Corrie thought Betsie had gone too far. She couldn’t imagine thanking God for fleas. But Betsie insisted, reminding her sister that the Bible said, “In everything give thanks.” Still, Corrie didn’t want to thank God for the fleas. But as it turned out, Corrie and Betsie

were trying to reach the other women in their barracks with the message of the gospel, and they had been holding Bible studies. They found out later that because of the fleas, the guards would not go into those barracks, and therefore, the women were able to have their Bible studies. As a result, they had the freedom to minister to numerous women. So God can even use fleas.

If the Bible said, “In some things give thanks,” I would say, “No problem there!”

But it says, “In everything give thanks.” And that is not an easy thing to do.

This verse doesn’t say we should give thanks for everything as much it says in everything. There are some things that happen, and I am not glad they happened. But I am glad that, in spite of the tragedies, God is still on the throne, and He is still in control of all circumstances that surround my life.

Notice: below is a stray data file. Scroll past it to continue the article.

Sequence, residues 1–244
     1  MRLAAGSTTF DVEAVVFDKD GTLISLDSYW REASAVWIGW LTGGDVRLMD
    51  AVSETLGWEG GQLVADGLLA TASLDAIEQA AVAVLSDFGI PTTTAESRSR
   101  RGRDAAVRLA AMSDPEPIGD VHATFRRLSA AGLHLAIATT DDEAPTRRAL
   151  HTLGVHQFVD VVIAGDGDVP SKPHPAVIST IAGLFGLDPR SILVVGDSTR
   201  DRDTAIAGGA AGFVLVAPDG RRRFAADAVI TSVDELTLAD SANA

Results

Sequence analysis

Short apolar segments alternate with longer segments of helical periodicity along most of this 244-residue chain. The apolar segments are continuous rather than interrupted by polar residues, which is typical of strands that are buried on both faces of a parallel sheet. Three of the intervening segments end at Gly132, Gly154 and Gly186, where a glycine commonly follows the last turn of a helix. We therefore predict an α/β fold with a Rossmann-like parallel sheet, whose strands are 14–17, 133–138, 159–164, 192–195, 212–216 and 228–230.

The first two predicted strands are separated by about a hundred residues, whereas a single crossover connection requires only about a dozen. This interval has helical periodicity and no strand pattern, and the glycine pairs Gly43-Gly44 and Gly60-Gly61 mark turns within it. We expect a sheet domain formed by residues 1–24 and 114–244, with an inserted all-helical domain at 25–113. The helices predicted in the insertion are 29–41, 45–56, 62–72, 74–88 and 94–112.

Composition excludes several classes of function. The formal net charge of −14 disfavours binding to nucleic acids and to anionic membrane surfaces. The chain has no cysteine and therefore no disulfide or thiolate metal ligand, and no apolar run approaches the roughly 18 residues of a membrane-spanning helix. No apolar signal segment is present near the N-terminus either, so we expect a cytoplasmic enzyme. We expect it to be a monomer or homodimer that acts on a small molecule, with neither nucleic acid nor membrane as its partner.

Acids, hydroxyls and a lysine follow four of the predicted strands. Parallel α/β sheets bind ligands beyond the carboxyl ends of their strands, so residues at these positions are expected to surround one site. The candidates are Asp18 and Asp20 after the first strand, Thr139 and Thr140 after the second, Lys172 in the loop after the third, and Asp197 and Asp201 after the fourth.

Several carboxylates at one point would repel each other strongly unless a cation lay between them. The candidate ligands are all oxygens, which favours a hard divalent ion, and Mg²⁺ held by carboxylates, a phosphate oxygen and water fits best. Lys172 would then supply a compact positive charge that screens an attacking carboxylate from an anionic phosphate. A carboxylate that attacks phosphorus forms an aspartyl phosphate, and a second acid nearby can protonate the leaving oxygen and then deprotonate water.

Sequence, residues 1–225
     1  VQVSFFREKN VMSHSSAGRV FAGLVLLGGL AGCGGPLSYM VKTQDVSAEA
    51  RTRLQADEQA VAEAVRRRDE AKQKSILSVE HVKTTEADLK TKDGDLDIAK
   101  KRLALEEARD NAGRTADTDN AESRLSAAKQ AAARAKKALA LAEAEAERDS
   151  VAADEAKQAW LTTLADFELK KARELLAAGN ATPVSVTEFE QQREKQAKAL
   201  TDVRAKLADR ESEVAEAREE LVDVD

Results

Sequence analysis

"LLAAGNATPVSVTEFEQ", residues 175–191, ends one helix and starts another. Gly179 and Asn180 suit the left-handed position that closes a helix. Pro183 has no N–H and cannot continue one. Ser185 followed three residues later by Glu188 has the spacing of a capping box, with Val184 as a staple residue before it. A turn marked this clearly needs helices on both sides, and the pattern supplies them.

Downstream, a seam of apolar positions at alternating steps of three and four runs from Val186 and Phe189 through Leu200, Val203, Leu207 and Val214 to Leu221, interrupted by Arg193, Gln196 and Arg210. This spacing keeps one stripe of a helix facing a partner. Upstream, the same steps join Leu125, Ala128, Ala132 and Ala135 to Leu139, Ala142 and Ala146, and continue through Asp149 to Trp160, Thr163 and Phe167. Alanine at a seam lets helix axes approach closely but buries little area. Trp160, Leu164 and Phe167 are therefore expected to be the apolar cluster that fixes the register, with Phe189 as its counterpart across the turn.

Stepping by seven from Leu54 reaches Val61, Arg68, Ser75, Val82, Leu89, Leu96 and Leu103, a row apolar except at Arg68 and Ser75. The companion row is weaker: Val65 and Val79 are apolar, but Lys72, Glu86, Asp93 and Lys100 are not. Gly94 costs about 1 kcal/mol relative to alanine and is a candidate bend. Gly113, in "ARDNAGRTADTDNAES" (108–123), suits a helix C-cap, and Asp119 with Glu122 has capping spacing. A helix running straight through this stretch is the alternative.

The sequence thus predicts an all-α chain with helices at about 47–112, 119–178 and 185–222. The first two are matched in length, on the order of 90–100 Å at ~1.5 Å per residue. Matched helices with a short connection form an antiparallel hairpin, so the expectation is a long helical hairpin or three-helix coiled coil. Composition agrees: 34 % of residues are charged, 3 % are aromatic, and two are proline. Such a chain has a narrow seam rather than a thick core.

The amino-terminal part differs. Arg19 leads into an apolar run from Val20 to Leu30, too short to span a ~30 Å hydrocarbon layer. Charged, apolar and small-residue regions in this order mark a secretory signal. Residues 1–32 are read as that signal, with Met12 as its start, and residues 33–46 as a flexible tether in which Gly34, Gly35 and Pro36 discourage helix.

Max Lucado – Blessed are the Merciful

Max Lucado

Could someone actually be forgiven a debt of millions and be unable to forgive a debt of hundreds? Could a person be set free and then imprison another? You don’t have to be a theologian to answer those questions; just look in the mirror.

Who among us hasn’t begged God for mercy on Sunday and then demanded justice on Monday? Is there anyone who doesn’t, at one time or another, show contempt for the riches of God’s kindness, tolerance and patience, not realizing that God’s kindness leads you toward repentance?

Look into the face of the One who forgave you.  Who wept when you pleaded for mercy.  Look into the face of the Father who gave you grace when no one else gave you a chance. “Blessed are the merciful,” Jesus said (Matthew 5:7). Why? “Because they will be shown mercy.”